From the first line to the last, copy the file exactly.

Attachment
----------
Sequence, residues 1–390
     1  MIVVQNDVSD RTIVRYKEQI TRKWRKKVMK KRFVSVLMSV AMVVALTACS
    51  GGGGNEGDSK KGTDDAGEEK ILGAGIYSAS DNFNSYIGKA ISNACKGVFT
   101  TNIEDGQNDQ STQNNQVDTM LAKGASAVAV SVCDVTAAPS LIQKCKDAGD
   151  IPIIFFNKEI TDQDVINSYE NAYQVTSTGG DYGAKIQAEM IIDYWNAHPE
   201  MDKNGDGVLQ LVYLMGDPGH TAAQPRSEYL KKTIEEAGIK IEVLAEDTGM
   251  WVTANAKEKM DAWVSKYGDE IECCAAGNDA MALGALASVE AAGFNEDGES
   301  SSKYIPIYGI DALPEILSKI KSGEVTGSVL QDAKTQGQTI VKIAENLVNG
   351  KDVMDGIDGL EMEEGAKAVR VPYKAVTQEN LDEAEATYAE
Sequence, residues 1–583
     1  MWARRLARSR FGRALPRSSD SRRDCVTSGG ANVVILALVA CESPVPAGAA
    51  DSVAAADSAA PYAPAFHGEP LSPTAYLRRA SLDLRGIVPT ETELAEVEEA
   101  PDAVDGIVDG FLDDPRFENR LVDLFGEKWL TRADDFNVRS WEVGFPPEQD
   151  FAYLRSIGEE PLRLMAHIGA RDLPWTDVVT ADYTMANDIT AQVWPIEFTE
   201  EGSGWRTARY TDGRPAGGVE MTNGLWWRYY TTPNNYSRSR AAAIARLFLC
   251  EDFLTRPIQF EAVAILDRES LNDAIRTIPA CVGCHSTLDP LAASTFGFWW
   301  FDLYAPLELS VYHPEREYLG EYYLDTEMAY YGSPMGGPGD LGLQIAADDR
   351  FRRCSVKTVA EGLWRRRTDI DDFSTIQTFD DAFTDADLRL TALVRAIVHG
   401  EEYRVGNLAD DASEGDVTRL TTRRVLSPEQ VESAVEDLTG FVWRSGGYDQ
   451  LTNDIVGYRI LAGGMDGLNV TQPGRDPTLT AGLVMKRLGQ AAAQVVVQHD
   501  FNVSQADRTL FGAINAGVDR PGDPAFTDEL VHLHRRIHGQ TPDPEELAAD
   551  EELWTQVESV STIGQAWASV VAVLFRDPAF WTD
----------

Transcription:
Sequence, residues 1–390
     1  MIVVQNDVSD RTIVRYKEQI TRKWRKKVMK KRFVSVLMSV AMVVALTACS
    51  GGGGNEGDSK KGTDDAGEEK ILGAGIYSAS DNFNSYIGKA ISNACKGVFT
   101  TNIEDGQNDQ STQNNQVDTM LAKGASAVAV SVCDVTAAPS LIQKCKDAGD
   151  IPIIFFNKEI TDQDVINSYE NAYQVTSTGG DYGAKIQAEM IIDYWNAHPE
   201  MDKNGDGVLQ LVYLMGDPGH TAAQPRSEYL KKTIEEAGIK IEVLAEDTGM
   251  WVTANAKEKM DAWVSKYGDE IECCAAGNDA MALGALASVE AAGFNEDGES
   301  SSKYIPIYGI DALPEILSKI KSGEVTGSVL QDAKTQGQTI VKIAENLVNG
   351  KDVMDGIDGL EMEEGAKAVR VPYKAVTQEN LDEAEATYAE
Sequence, residues 1–583
     1  MWARRLARSR FGRALPRSSD SRRDCVTSGG ANVVILALVA CESPVPAGAA
    51  DSVAAADSAA PYAPAFHGEP LSPTAYLRRA SLDLRGIVPT ETELAEVEEA
   101  PDAVDGIVDG FLDDPRFENR LVDLFGEKWL TRADDFNVRS WEVGFPPEQD
   151  FAYLRSIGEE PLRLMAHIGA RDLPWTDVVT ADYTMANDIT AQVWPIEFTE
   201  EGSGWRTARY TDGRPAGGVE MTNGLWWRYY TTPNNYSRSR AAAIARLFLC
   251  EDFLTRPIQF EAVAILDRES LNDAIRTIPA CVGCHSTLDP LAASTFGFWW
   301  FDLYAPLELS VYHPEREYLG EYYLDTEMAY YGSPMGGPGD LGLQIAADDR
   351  FRRCSVKTVA EGLWRRRTDI DDFSTIQTFD DAFTDADLRL TALVRAIVHG
   401  EEYRVGNLAD DASEGDVTRL TTRRVLSPEQ VESAVEDLTG FVWRSGGYDQ
   451  LTNDIVGYRI LAGGMDGLNV TQPGRDPTLT AGLVMKRLGQ AAAQVVVQHD
   501  FNVSQADRTL FGAINAGVDR PGDPAFTDEL VHLHRRIHGQ TPDPEELAAD
   551  EELWTQVESV STIGQAWASV VAVLFRDPAF WTD